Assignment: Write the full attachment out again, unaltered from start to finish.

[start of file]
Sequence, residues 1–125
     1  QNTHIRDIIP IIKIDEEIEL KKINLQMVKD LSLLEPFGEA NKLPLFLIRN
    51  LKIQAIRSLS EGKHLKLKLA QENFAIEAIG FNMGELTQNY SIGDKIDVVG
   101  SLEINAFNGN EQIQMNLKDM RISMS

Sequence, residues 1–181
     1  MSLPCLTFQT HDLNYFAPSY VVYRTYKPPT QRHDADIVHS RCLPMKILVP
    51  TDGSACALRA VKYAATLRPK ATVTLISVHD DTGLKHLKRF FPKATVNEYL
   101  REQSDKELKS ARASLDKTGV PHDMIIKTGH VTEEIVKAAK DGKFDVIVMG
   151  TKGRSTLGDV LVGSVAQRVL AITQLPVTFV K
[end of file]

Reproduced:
Sequence, residues 1–125
     1  QNTHIRDIIP IIKIDEEIEL KKINLQMVKD LSLLEPFGEA NKLPLFLIRN
    51  LKIQAIRSLS EGKHLKLKLA QENFAIEAIG FNMGELTQNY SIGDKIDVVG
   101  SLEINAFNGN EQIQMNLKDM RISMS

Sequence, residues 1–181
     1  MSLPCLTFQT HDLNYFAPSY VVYRTYKPPT QRHDADIVHS RCLPMKILVP
    51  TDGSACALRA VKYAATLRPK ATVTLISVHD DTGLKHLKRF FPKATVNEYL
   101  REQSDKELKS ARASLDKTGV PHDMIIKTGH VTEEIVKAAK DGKFDVIVMG
   151  TKGRSTLGDV LVGSVAQRVL AITQLPVTFV K